The above drone is intended for long and stable flight with vision systems mounted on top and a battery case at the bottom for better Center of Gravity to balance the top heavy sensor architecture. This was developed to determine input parameters in a study on modular system architecture. The vision systems are used for indoor scanning in earthquake zones with the drone designed to fly on three opposing rotors at any time. Some inputs determined were weight of mechanisms required for modular functionality and complexity (DFMEA), flight time and stability from accelerometer measurements
The smaller drone above, called a mini drone, is capable of flight at 60+mph and is loud due to high pitch and decibel levels. The purpose is to experiment in control algorithms for extremities in the acceleration profile such as jounce, jerk, snap , crackle and pop. The drone has relatively low amplitude of modal/ harmonic oscillations after a certain point due to high the rotor speeds. This drone is of higher cost in the system and low service life due to limitations in battery heat and rotor bearing wear.
This micro drone is extremely high pitched in sound but quiet like a mosquito. It is called "mosquito"! You can annoy colleagues by flying this around their heads with the appropriate propeller guards. You could also use this for extreme proximity applications. A PCB architecture to store/record 1080p HD video and use sub-sampled video feed for First Person View Flight (FPV, where the operator can piggy back on the drone) and vision based control algorithms is being developed. With advances in battery tech we are currently seeing about 2 minutes of flight time. These little drones are exempt from FAA pilots license requirements as they are sub 150 grams. Here is an example of extreme proximity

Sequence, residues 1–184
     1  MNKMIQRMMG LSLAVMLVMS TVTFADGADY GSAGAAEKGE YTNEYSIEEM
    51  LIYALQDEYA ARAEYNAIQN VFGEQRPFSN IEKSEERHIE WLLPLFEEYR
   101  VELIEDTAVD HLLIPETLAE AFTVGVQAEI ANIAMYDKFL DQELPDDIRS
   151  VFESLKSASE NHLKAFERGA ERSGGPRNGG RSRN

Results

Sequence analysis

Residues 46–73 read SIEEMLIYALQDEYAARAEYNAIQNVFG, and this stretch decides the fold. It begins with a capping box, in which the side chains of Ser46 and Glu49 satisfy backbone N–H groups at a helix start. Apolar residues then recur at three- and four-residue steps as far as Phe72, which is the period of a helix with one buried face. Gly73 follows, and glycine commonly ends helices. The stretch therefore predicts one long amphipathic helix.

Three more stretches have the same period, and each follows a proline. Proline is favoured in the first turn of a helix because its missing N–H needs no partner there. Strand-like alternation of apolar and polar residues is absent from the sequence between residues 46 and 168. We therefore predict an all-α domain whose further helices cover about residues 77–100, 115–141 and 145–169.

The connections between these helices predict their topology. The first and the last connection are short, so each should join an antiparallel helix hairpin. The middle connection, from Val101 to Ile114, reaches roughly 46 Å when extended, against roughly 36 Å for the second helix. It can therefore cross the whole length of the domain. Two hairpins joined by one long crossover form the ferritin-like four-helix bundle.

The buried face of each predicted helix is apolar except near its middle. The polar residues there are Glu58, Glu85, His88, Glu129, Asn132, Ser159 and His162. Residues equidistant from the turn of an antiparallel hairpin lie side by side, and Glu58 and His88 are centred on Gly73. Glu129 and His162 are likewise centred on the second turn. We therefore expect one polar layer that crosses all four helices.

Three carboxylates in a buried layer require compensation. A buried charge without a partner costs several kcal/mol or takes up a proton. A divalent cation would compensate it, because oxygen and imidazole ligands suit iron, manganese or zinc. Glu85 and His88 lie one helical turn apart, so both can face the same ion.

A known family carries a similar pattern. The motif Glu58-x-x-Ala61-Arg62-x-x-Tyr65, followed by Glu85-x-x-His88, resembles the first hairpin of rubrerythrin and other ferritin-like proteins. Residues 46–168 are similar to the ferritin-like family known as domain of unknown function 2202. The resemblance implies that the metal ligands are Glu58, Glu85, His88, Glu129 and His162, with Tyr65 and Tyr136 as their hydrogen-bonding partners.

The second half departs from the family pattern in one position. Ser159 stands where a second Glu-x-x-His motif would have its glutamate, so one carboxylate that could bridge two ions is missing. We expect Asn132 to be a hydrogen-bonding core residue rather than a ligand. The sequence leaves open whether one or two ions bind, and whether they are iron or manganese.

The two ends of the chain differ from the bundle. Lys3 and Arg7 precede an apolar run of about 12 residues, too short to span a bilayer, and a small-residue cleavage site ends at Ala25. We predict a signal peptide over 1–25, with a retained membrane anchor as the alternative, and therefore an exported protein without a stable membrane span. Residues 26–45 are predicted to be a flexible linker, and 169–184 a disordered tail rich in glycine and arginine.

Creating memorable and positive learning experiences enhances future engagement with what is learnt. The following is a course and it's topics that I have helped learn and teach with students at the University of Michigan.
Teams themselves define their design problem and build products through a self-selected and self-organized design process. This course is a step away from a standard Design, Build and Test course. Students make design decisions based on quantitative analysis using techniques such as Conjoint, Kansei and Cash Flow Analysis in addition to Functional Validation used in an engineering product design course.
More information can be found on the course website: External Link